Creativity-Contingent Rewards, Intrinsic Motivation, and Creativity: The Importance of Fair Reward Evaluation Procedures
Peer reviewed, Journal article
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Original versionFrontiers in Psychology. 2020, 10.3389/fpsyg.2020.00974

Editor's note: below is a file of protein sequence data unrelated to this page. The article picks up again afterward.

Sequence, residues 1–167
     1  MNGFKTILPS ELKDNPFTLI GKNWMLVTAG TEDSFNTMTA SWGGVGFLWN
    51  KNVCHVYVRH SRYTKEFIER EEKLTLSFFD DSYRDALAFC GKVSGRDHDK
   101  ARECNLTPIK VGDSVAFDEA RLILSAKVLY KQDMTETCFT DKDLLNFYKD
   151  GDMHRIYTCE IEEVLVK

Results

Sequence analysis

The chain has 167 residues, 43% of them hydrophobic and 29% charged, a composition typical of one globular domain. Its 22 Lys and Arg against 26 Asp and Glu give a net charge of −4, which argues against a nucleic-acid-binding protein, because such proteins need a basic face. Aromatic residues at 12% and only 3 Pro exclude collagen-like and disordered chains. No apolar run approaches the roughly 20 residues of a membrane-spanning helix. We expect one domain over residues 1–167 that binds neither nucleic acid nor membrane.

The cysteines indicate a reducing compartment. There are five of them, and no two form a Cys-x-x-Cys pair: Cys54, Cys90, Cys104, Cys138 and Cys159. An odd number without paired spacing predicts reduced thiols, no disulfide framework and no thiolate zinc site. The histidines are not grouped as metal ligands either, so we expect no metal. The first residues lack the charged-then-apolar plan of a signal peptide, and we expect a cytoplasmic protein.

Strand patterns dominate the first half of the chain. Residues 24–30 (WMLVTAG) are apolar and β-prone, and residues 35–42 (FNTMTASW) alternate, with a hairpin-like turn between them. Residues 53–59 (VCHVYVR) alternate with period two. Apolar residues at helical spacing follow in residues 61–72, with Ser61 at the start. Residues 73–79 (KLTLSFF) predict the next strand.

Pay for performance is a common practice used by organizations to increase employees’ motivation and performance, and creativity-contingent rewards have been shown to support creativity. But are all creativity-contingent rewards equal? Procedural justice can potentially affect the way that creativity-contingent rewards impact employees’ intrinsic motivation and creativity. To shed light on this practice-relevant issue, this study investigates how aspects of procedural justice—reward allocation clarity and reward evaluation fairness—impact changes in intrinsic motivation and creativity in the presence of creativity-contingent rewards. Using an incomplete factorial pretest–posttest between subjects design with four reward conditions and one control (no reward) condition, I analyzed changes in intrinsic motivation and creativity. Relative to the control condition, significant increases in both intrinsic motivation and creativity were found in the reward conditions with high evaluation fairness. However, reward allocation clarity did not yield any significant effects on changes in intrinsic motivation and creativity. The results highlight the importance of fair evaluation procedures for determining rewards if creativity-contingent rewards are to increase both intrinsic motivation and creativity.